In Search of the Real Thing
In Search of the Real Thing
By Dave Breese
There are both animated and taciturn conversations across the world today about a most important subject. That subject is Christianity. This marvelous spiritual reality called the faith. . . once delivered unto the saints (Jude 3) manifests itself in our times in a hundred different forms. One of them we have come to call nominal Christianity is certainly the most common form of the Christian religion which is in existence in the world today. We do well, therefore, to ask the question, What is nominal Christianity?
The word nominal means in name only. When used with reference to Christianity, it refers to those who call themselves Christians, but who are not the real thing. They are Christians in name only, but they constitute what probably can be called the most common form of the Christian religion in our time. It even may be suggested that nominal Christians far outnumber the real thing. A very long discussion could be created around the question, How do we know a nominal Christian? Can a nominal Christian be easily identified?
That question presses us to take a quick look at our society and even the culture of the Church. This because the danger of a large expansion of nominal Christianity may well be upon us. One of its forms is when the name Christianity is attached to a thing, a program, for the purpose of producing an image of that thing, which image may be far from the truth.
In Germany, there is a major political party called The Christian Democratic Party. It is a significant factor in the German democratic process, but no one would argue that its membership consists only of born-again Christians. Quite obviously the name Christian was chosen for political reasons and has nothing to do with the faith of individuals.
Within the aberrant religions of the world, the name of Christianity appears. One wonders and even smiles at the activities of our world that come under the name of Christian.
The aspect of this for which we should be genuinely concerned is the hypocritical use of the name Christian among individuals. An individual who bears the name Christian but is not in fact a Christian. He is at best a nominal Christian. A nominal Christian can be attached to a church or a movement and uses Christianity as a title. An individual called a Christian may well be in his heart of hearts something that is a far cry from real Christianity. A nominal Christian pays no heed to his faith because, of course, he has none. A real Christian rejoices daily in the reality of Jesus Christ.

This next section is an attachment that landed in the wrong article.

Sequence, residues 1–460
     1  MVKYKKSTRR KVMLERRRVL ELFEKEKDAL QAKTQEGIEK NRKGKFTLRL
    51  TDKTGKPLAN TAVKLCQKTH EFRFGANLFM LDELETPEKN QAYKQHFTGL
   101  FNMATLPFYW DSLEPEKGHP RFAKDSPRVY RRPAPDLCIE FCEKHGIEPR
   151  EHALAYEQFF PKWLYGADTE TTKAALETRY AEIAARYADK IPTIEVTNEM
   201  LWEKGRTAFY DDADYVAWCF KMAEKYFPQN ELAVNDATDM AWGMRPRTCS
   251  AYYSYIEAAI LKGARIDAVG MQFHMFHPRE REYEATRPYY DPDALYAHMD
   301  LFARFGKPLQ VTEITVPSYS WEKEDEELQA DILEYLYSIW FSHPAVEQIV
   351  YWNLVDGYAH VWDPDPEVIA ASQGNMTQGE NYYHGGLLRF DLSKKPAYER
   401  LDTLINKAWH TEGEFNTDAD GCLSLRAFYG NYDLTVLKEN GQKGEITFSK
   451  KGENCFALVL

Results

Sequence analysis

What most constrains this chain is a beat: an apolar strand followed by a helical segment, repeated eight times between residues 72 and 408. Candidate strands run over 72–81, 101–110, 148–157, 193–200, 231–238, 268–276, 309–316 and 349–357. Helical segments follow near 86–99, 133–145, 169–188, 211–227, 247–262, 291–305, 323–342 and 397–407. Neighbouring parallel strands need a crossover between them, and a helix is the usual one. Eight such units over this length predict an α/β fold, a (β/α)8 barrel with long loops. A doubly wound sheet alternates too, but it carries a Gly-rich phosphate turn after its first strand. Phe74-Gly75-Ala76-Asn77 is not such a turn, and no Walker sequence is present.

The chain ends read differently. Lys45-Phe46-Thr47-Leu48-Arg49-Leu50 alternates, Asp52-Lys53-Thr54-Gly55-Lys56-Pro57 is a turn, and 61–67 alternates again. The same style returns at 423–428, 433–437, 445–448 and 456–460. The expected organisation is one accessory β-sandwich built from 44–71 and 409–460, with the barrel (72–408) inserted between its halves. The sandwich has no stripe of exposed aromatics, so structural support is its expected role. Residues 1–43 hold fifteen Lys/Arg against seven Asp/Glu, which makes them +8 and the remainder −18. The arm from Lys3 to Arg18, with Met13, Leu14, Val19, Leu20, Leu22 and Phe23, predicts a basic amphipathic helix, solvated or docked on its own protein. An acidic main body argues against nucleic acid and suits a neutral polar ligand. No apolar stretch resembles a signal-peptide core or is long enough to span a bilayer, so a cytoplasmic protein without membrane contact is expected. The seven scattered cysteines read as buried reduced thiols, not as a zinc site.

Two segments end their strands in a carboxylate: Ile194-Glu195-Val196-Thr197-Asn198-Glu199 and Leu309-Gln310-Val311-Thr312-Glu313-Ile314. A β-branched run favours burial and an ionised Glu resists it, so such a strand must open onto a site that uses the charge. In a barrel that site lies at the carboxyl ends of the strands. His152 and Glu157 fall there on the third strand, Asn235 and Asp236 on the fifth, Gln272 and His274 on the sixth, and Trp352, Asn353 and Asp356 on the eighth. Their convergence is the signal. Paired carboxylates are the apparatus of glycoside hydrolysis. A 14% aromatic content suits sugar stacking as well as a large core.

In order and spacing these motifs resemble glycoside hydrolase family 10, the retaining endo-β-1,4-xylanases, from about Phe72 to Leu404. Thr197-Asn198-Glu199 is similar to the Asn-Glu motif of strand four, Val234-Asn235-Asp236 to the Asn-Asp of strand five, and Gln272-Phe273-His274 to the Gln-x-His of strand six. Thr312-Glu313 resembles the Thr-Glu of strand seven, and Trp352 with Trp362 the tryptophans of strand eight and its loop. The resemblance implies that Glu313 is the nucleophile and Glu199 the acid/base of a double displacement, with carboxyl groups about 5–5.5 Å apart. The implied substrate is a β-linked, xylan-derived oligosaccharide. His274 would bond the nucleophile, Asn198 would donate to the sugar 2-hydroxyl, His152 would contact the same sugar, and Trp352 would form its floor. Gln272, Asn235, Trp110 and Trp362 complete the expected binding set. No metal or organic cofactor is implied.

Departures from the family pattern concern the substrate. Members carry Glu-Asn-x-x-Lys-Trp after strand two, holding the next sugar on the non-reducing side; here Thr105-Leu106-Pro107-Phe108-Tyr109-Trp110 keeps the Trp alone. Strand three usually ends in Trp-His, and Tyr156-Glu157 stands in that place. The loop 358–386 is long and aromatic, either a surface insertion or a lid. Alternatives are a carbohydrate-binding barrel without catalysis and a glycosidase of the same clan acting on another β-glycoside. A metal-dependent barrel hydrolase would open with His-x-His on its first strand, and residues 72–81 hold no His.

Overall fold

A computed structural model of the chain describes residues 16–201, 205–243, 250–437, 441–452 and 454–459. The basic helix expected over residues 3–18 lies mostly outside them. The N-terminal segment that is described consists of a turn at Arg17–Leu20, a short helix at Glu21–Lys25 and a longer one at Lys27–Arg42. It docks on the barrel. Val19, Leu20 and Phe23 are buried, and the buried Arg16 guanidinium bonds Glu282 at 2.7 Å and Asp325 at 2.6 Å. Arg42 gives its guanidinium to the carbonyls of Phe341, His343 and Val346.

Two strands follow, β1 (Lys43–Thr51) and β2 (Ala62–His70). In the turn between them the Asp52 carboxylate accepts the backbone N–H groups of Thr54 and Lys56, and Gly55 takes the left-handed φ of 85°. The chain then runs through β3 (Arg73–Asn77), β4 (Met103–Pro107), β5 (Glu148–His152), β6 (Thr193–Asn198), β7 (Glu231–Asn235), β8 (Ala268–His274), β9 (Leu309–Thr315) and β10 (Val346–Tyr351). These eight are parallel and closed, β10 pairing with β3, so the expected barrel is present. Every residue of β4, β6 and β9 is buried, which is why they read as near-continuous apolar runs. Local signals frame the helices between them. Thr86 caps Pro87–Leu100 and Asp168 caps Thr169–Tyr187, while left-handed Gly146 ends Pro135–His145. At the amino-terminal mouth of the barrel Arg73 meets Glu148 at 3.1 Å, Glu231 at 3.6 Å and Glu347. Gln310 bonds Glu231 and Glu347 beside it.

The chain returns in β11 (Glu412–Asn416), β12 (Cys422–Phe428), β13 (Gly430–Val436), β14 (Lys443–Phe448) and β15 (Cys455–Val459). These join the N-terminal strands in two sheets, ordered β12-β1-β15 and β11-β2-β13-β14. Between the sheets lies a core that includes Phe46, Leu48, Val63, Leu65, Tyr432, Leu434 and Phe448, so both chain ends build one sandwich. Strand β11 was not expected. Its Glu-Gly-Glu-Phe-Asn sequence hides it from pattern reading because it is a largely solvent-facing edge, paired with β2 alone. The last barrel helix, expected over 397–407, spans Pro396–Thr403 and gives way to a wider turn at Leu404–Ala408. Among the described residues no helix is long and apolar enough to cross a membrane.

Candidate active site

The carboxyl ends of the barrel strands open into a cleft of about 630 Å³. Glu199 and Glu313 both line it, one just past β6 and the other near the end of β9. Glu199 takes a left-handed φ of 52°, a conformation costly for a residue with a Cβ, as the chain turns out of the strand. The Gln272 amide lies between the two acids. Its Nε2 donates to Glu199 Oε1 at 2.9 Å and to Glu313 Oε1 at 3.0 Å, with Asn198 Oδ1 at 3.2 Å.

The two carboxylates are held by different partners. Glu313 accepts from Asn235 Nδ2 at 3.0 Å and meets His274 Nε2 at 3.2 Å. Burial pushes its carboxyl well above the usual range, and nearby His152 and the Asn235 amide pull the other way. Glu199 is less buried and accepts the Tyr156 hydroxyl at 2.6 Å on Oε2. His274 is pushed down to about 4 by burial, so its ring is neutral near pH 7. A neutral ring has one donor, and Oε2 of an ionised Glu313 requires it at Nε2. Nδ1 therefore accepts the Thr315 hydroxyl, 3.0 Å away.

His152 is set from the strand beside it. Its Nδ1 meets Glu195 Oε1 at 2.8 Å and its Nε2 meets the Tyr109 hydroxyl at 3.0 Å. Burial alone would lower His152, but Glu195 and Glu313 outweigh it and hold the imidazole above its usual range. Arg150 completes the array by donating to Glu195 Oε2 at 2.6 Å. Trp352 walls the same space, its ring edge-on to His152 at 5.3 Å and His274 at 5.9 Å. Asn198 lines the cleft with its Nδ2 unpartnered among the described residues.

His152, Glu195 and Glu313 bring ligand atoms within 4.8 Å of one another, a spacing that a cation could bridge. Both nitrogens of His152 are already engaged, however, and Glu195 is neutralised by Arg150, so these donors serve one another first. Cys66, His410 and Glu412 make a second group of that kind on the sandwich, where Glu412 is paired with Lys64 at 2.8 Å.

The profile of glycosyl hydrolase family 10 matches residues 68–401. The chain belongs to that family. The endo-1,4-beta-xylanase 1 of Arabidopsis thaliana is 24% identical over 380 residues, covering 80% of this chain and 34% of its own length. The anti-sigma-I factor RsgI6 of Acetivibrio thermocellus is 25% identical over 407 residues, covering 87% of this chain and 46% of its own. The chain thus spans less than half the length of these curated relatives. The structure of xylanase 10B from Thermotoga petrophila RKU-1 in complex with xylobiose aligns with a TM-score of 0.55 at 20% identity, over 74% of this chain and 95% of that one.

Nominal Christians may well make a small but public gift while a real Christian makes his offering and cares not for promoting it.
A nominal Christian pays a great deal of attention to public promotion while a real Christian is happy to do his alms in secret.
A real Christian is an earnest student of the Word of God whereas a nominal Christian scarcely can recite the books of the Bible.
For the nominal Christian, the Bible bears no message about faith and conduct. For the real Christian, however, the Bible is the Word of God and is our only rule for faith and practice. The preoccupation of the nominal Christian is with his image in this world. The spiritual Christian, however, rejoices in the hope of eternal life and brightly anticipates the day when he will move from this world to the world to come.
In thinking about these things, we can simply come to the conclusion that we need a lot more of real Christianity and a good deal less of the counterfeit, nominal type. It is high time that we have within this true and marvelous thing called Christianity a real revival. We speak not of the superficial kind, but rather a revival of the preaching of the true Gospel, of the call to commitment to Christ, of vital Christian godliness and genuine consecration to Christ. We are close to the place where nominal Christianity will become the only kind there is. This must not happen. We who believe vitally true historic Christianity can prevent this. The time is now to be up and doing that the world may see a vital Christianity for what it truly is.
First TV Program Made By Iraqi Christians For Iraqis
The Gospel of Jesus Christ is going forward in Iraq. SAT-7 wrote this last week in a news release: Their lives are threatened. Their churches have been bombed. The recent election has been overlooked in the world press. In spite of this, some Iraqi Christians, who make up about 3% of the population, are reaching out and ministering to their communities. New churches have started, Christian bookstores have opened, and an Iraqi pastor has created, for SAT-7, what we believe to be the first Christian satellite TV show made by an Iraqi for Iraqis.
I want to encourage my community, my people in Iraq, says Pastor Haitham Akaram, the writer and host of SAT-7s new program Help from the Highest. The program includes interviews with people on the streets of Baghdad, asking their opinions on topics ranging from Anger and Revenge and Dealing with Traumatized Children to Hope for the Future. The shows Jordanian producer says, I believe Iraqis will be blessed when they hear an Iraqi talking about the issues they are all facing. I trust it will bring them hope.
Debbie Brink, SAT-7 executive director, says. We are encouraging Christians in North America to pray for Iraqs minority Christian population during this pivotal time.
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